Over the last few months, she has gotten a little closer to her step-brothers/sister, but ultimately this will take years. (I think her plan is to be long gone before this happens.) Right now I am lucky if I can bribe her to take them places......, now if I could only get her to change the destination from the homeless shelter . . . . . . One thing my daughter reminds me of constantly is that I let these kids get by with stuff I wouldn’t let her get by with at that age. What she doesn’t realize is that I don’t have the energy anymore to keep up with them the way I did her.
The transition to parenting a mob as opposed to a one-person army would not be complete without an understanding of some basics. For example, the old adage of what happens when a piece of food or the pacifier hits the floor is very illustrative. I know that with my own daughter, if her pacifier, a/k/a Binky, hit the floor it was a major effort to get it sterilized for her continued use. I went into mob parenting with the same concept, only to find that my new wife was far more pragmatic about such things. It seems that the 7 year old’s binky got that kind of sterile treatment, but by the time the 5 year old’s binky was at issue it just got rinsed off.
When I arrived on the scene in this mob we call a family, the three year old was just getting rid of her binky and I noticed something quite disturbing. This particular binky had been through the wars, and when it hit the floor she was lucky if it got wiped off. Often the only time it got wiped off was when the dog licked it. Naturally I was quite concerned and so was my wife. The only difference was that I was worried about the kid, Mom on the other hand was more concerned that the dog would catch some rare disease. In retrospect, I now see that my wife was right. God only knows where that kid’s mouth has been!!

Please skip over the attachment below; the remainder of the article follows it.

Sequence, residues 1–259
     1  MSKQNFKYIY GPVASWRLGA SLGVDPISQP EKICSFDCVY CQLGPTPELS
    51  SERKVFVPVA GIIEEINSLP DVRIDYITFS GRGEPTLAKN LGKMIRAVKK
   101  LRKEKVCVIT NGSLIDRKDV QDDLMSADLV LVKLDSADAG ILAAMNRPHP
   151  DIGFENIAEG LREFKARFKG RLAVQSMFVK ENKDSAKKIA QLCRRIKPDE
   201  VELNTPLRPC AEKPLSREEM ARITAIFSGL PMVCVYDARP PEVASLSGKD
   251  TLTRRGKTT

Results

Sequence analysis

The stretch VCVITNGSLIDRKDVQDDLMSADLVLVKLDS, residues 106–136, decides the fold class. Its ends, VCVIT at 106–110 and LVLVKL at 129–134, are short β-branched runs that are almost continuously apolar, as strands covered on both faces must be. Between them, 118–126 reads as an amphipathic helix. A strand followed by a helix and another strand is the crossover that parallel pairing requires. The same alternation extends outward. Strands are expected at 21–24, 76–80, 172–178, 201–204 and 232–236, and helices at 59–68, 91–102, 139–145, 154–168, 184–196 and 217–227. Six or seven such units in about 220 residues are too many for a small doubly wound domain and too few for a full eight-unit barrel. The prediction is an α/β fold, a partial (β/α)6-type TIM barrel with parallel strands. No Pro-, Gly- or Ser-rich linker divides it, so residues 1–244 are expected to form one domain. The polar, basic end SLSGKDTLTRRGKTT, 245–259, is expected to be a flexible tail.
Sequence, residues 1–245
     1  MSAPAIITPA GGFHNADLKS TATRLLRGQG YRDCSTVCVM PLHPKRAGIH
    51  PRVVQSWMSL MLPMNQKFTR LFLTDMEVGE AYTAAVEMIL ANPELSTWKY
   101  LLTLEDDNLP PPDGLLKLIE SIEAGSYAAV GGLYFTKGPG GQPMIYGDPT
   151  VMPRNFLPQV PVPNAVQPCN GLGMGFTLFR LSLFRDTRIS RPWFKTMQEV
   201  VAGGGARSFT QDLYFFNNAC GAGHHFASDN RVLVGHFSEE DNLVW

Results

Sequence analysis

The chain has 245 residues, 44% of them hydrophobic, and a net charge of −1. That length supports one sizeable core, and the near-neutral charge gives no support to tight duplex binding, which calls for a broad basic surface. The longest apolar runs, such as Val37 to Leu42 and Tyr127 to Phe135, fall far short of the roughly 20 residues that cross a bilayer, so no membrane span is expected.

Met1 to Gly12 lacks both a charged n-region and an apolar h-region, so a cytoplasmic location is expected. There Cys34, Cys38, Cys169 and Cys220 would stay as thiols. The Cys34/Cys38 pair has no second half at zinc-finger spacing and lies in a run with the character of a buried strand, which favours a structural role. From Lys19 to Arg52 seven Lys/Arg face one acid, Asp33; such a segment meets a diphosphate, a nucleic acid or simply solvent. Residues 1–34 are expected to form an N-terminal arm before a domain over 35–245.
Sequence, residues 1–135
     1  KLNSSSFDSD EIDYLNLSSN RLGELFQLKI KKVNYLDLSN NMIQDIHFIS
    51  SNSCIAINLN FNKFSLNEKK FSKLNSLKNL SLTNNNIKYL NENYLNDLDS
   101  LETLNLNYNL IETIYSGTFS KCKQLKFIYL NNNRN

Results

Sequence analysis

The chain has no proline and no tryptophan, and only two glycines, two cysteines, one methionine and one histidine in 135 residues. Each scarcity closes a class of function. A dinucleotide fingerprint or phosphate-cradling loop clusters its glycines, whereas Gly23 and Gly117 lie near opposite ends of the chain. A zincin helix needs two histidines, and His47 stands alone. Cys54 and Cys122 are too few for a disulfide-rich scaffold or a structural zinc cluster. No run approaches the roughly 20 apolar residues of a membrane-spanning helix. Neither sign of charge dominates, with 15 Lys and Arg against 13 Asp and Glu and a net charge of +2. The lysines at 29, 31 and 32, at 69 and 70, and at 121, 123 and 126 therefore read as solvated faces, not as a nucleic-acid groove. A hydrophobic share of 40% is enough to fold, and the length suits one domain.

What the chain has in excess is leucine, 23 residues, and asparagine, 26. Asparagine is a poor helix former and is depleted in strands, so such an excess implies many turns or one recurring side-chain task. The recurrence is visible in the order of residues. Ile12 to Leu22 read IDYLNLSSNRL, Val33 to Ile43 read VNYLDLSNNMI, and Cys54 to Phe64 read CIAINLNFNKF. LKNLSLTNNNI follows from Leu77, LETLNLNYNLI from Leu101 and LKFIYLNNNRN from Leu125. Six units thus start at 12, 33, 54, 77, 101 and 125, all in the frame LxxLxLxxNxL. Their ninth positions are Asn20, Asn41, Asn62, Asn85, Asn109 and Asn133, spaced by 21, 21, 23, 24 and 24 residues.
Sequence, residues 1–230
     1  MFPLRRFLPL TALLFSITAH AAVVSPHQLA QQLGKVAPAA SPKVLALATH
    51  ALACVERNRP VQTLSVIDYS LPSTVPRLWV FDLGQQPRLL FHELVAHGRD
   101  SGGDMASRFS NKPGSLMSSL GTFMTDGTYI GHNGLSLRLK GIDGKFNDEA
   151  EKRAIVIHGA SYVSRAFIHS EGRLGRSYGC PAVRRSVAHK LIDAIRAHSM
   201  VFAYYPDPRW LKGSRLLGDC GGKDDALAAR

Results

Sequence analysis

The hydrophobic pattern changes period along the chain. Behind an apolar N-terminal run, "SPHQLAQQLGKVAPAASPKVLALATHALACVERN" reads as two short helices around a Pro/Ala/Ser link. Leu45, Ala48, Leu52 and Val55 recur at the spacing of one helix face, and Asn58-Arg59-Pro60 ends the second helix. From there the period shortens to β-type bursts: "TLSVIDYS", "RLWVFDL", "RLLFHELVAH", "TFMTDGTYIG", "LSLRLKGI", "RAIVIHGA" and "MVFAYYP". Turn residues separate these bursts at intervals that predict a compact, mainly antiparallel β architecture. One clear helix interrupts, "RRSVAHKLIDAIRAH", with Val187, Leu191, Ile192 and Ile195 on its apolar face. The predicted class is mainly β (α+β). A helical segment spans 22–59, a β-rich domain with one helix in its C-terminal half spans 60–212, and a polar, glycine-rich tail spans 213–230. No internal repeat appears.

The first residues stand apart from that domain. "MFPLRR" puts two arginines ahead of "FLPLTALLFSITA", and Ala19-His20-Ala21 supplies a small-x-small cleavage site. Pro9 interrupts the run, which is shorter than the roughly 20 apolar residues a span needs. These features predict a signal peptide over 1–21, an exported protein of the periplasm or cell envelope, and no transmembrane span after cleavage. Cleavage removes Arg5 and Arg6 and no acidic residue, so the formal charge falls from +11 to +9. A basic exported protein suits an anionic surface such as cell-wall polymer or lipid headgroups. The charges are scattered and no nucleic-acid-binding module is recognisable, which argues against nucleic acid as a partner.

This pragmatic approach carries over into all aspects of the kids’ lives. Weekends are prime time for fun outdoors, and with day care having recess outside, the kids are no strangers to the joys of playgrounds, backyards, and the woods. They get their fair share of scrapes, bangs, open wounds, gunshots, and shrapnel injuries. So much so, that we are now fairly oblivious to the little injuries. If nothing is broken, bleeding, or otherwise inhibiting an airway, we seldom get excited. Mom just says, “Is the bone sticking out? Are you spurting arterial blood? No? Then you’ll be OK. Let’s fix you up. That’s gonna leave a cool scar!” The advantage to this is that the kids don’t seem to be too swayed by the little stuff.
The other day the 7 year old came in from wiping out on his bike. There were the requisite scrapes, bangs, and raspberries on his knees and arms, but was he crying? Nope. Instead he was very tough and I was proud. If one of these kids whines over a little bang, it is because they really want attention, which in a house as full as ours is not always that easy to get. Unless you are trying to get some sleep, ...... with one eye open ....... or worse yet, sitting in the living room at 3 am. ~ Michael S. Pauley